The rain had begun to lightly fall again and I wondered to myself why I decided not to bring my raincoat.  I made my way into the market and to what cover I might find there as I made my way through.  The rain had cleared out most of the vendors and made all of the ground into a slush pit of mud.  As I tread through the market and the mud squished over the ends of flip flops and over my toes I wished that I had wore my Chaco’s instead.  I had put them away under my bed long ago for being harder to take on and off and more cumbersome than my flip flops, but as I stepped into muddy puddle after puddle, time and time again, I began to rethink their usefulness. 
I really needed nothing from the market and the trek through reminded me of that quickly.  It had become routine to make a daily walk through the market.  It was something to do and I wanted to be seen.  It was so much a routine that, like now, I made the trip rain or sun, if I need anything or not (I could always buy fruit), or even if it was market day.  Market day is my least favorite; it being on a rainy day would only make it that much worse.  On this day, every Monday, people from all around come to town and the usual market area that on a regular day is almost full swells to overflow into the streets and is packed shoulder to shoulder with people. 
After buying a clove of garlic, because I felt that I should at least buy something since I had put myself through another market day, I made the long return journey back to my house.  The middle of the day for me, like most Malagasy people as well, is a very lazy part of the day.  In most of coastal Madagascar the world shuts down from about noon to 3 pm; it is just far too hot to out and about.  Stores close, people go home or hangout in shady spots, and life just chills for a time.  I spend this time of the day at home for the most part hanging out with the ‘Mbola Gang,’ a group of neighborhood kids that have made my house their daily haunt.  Today we watched X-Men for the millionth time, but really just the action scenes (this is all they care about since they can not understand the dialog).  Everyday would be spent in this way if the kids had their way, but I sometimes have to “write a Peace Corps report” and so they are forced to take on other activities like drawing, dominoes, or Frisbee.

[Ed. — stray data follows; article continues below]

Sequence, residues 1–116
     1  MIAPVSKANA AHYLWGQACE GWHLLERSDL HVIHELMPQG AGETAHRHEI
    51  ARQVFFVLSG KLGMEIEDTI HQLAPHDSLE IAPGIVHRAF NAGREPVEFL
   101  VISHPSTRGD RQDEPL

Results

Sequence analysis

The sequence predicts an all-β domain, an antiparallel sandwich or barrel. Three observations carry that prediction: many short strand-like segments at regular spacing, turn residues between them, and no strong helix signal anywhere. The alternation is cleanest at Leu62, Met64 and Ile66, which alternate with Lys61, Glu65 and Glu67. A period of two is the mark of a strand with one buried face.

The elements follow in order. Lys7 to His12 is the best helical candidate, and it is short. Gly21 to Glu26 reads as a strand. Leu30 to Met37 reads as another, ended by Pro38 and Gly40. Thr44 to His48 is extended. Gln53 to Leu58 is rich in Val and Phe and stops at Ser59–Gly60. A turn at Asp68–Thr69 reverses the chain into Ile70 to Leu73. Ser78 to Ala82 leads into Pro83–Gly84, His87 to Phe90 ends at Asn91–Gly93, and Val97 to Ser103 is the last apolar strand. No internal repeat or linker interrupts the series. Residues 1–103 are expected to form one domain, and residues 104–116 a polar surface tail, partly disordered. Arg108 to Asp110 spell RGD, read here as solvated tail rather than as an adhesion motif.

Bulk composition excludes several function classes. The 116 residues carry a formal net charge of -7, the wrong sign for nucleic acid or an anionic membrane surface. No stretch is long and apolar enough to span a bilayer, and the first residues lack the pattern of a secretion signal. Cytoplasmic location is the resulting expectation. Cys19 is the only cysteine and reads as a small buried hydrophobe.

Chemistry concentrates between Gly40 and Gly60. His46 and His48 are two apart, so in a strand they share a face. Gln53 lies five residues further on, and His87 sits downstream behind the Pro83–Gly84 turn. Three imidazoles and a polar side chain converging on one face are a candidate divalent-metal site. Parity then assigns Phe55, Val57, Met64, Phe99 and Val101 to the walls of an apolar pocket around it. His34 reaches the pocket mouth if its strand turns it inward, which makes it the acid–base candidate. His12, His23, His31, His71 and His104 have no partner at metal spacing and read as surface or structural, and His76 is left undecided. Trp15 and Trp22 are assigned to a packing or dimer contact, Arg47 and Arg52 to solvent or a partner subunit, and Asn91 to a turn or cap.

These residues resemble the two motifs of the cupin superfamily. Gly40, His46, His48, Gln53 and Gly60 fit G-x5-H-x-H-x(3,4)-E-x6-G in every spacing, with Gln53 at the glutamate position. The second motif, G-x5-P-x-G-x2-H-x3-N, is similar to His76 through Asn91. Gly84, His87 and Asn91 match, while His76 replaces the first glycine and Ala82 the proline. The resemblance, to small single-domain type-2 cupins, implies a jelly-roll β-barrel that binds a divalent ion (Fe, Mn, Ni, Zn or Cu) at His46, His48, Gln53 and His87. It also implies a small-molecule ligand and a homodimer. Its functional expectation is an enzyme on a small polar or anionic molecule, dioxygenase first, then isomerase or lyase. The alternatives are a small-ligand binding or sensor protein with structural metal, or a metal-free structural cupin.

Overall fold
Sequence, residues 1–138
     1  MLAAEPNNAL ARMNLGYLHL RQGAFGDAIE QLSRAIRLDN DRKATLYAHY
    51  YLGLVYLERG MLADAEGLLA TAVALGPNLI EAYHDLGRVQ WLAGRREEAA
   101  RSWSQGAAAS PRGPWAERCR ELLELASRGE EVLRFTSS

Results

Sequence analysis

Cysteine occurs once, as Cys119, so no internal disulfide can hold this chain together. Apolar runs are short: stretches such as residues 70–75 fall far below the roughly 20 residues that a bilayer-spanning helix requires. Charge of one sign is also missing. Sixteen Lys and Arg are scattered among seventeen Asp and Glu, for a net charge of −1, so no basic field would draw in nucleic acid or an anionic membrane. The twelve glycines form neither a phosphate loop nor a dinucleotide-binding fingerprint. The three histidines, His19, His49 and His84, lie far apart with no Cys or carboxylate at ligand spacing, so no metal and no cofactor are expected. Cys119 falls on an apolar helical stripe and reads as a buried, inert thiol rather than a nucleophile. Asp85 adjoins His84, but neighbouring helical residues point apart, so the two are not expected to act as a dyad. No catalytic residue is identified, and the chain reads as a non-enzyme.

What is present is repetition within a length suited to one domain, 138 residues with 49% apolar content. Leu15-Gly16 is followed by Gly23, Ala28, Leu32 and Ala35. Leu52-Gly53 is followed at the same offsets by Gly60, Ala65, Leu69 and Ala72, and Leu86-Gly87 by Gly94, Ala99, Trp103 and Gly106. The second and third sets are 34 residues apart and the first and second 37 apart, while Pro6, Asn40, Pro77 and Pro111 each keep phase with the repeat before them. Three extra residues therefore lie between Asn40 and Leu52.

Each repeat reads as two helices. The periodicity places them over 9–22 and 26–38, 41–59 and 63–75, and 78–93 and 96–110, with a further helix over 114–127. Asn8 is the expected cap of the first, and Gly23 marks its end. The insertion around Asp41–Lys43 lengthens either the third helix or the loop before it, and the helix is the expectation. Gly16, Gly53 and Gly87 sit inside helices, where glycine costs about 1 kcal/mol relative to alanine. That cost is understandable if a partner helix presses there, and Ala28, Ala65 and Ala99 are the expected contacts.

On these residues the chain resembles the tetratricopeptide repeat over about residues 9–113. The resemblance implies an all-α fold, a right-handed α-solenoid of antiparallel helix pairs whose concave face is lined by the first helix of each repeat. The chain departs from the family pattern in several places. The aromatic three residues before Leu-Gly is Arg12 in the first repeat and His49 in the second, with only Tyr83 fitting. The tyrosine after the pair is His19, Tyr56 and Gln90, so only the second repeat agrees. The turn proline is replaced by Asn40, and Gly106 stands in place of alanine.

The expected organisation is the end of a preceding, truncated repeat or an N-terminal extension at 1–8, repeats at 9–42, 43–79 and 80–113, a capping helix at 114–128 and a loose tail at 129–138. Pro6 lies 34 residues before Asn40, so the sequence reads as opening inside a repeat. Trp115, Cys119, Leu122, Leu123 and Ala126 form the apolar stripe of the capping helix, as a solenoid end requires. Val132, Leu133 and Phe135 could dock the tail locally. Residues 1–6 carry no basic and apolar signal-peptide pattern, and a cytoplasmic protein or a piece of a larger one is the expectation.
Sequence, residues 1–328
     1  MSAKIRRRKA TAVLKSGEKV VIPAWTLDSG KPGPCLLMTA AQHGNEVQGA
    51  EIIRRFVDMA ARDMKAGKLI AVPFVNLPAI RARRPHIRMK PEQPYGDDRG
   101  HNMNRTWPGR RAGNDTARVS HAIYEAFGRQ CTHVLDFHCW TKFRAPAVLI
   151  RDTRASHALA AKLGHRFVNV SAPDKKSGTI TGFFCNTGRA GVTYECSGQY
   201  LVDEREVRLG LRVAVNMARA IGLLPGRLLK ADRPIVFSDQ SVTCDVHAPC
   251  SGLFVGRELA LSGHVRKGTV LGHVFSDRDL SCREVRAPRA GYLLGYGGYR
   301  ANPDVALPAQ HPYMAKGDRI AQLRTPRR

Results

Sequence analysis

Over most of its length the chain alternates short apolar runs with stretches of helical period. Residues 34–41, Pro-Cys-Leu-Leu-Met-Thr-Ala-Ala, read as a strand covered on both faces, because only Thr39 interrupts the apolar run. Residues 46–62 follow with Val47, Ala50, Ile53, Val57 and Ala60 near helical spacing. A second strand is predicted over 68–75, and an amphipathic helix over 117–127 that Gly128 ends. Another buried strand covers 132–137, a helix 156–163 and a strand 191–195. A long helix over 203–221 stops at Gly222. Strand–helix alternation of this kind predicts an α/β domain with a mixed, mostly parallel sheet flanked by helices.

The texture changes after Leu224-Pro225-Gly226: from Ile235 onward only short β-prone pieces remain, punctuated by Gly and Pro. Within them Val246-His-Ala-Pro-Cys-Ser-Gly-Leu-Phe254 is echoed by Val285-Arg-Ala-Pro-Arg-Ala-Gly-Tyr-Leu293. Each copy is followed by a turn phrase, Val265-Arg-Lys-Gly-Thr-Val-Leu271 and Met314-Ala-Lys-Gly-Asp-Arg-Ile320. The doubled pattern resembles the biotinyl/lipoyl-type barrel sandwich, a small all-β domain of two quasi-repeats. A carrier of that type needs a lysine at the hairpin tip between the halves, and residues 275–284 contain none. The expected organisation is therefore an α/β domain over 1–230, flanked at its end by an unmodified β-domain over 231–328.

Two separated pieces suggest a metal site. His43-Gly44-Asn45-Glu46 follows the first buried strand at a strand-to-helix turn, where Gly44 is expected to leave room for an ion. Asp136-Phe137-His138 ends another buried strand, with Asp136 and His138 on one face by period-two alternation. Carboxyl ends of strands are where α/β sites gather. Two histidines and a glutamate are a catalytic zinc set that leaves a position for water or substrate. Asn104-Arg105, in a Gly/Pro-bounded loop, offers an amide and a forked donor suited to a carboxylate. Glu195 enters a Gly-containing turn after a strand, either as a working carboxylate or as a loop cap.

The kids finally left for class at 2 pm and was given two hours to prepare for my evening class.  Most days this would mean looking over my lesson plan for the day, but it being the end of the trimester and I was giving an exam, I simply had to make sure I had all of my supplies.  Testing here in Vondrozo is nothing short of nerve racking for me.  For starters I have to write the whole exam on the board which takes a considerable amount of time.  The kids then have to copy the test onto their paper and answer the questions.  This is where things take a turn for the worse.  Cheating is horrible and blatant here and in a small classroom of seventy students it is impossible to stop all cheating.  There of course is an expected level of cheating in these types of conditions but I stay at my wits end trying to keep it to a minimum.  Once the last student finally turned in his test I was free to return home and begin preparing dinner.  In the dim, fading light of the day I cut up some vegetables and began to cook a sweat and spicy vegetable sauté served over rice while I watched from my kitchen window as the sun set over the corridor.